I find it very helpful to observe the patterns in my relationships so that I can work towards establishing healthier ones. Let’s discuss the type of people we meet in recovery and the kinds of supports we need to have a successful recovery.

A healthy relationship consists of two well-intentioned people with good character freely sharing mutual resources of time, money and energy. On the other hand, we often get caught up in one sided relationships where one person is doing most of the giving.

When I first got into counselling, I had the desire to help, but my motives weren’t pure. I was often in relationships with needy people, or nobody at all. By finding people with more obvious issues, I could ignore mine and pretend I had it all together. In a sense, codependent relationships gave me a sense of worth and protected me from myself. However, this is not satisfying! I would live, work and volunteer in the inner city all day and every day. Eventually, I became exhausted and realized I needed to let go. Sometimes setting boundaries is hard because people can see me as selfish or like I don’t know how to love myself without feeling ‘useful’. The rescuer can easily become the rescued by falling trap to the lie that someone else’s affection is the antidote to your pain and weariness. I now realize that whatever I’m struggling with needs to be dealt with directly and comfort is only a temporary solution.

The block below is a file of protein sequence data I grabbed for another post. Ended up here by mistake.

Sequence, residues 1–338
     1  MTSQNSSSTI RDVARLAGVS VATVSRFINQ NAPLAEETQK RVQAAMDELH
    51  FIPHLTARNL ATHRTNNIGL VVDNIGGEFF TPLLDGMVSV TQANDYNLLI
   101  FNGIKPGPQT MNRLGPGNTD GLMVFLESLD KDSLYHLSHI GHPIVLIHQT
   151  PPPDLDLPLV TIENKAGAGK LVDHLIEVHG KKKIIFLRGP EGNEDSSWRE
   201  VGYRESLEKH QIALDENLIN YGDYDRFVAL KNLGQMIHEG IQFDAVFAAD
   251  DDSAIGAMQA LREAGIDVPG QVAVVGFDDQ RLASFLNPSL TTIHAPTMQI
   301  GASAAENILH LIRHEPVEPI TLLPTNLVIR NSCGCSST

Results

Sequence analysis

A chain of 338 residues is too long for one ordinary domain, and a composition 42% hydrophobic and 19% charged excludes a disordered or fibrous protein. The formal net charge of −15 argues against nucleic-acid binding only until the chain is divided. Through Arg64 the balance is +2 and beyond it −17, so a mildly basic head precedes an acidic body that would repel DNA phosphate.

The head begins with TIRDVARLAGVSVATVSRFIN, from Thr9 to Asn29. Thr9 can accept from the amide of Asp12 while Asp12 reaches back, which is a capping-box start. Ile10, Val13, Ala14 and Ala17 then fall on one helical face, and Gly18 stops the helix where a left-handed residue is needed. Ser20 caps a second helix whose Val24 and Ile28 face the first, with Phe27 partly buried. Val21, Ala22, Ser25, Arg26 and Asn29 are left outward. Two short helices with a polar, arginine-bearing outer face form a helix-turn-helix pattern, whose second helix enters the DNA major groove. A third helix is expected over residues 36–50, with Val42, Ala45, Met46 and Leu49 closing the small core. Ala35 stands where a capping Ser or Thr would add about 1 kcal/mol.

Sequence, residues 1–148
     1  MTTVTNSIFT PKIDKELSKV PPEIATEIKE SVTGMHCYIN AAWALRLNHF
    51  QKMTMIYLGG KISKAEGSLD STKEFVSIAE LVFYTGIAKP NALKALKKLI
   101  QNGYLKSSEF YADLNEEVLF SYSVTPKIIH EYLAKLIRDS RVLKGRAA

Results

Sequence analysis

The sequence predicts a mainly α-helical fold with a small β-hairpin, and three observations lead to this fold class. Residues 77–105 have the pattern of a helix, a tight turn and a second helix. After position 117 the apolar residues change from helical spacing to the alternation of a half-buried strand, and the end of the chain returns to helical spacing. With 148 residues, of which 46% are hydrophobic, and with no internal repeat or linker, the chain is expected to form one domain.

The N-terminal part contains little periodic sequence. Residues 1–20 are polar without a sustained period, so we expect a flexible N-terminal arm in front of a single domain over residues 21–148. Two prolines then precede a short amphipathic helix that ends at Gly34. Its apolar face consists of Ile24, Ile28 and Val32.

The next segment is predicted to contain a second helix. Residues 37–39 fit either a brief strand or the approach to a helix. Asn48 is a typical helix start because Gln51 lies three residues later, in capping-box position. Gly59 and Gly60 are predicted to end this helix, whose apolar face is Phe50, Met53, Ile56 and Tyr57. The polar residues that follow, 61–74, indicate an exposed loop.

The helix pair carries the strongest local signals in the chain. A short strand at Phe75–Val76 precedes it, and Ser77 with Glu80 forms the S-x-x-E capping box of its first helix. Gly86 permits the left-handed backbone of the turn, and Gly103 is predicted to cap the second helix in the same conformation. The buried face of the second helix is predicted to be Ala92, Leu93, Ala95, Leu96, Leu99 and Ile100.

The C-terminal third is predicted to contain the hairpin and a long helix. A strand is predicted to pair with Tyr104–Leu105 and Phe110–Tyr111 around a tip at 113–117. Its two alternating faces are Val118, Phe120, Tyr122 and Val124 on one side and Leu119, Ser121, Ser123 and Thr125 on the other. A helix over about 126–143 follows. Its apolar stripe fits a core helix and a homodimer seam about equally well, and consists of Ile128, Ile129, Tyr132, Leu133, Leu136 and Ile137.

I also kept myself around broken people because I feared the rejection of healthy people. On some level, I thought if they didn’t need me, they wouldn’t stay. When I was growing up, I was given the message that I was undesirable so I thought a healthy, loving relationship wasn’t in the cards for me. Emotional abuse felt normal, so it didn’t raise red flags.

So how did I change this? A few ways! I realized that I stunted my own growth by only focusing on other people and began to work on myself. Sometimes I still crawl back into the familiar cave of codependency, only to drag myself out again when I failed to change another person. I started sharing on a deeper level, so real intimacy became possible. I have developed friendships, and because I am no longer controlled by pity, I can help others. I no longer feel ashamed of getting support. I also realized what is unhealthy, which makes it easier not to fall for things like gas lighting. I also learned that no matter how fun or exciting people are, what matters most is character. When I decide to trust people now, this is what I base it on. Of course these are ongoing issues but I am in a much better place than I was.

And with time, you can all grow and overcome unhealthy relationship patterns in your life too.

With Love,

Kayla Nyugen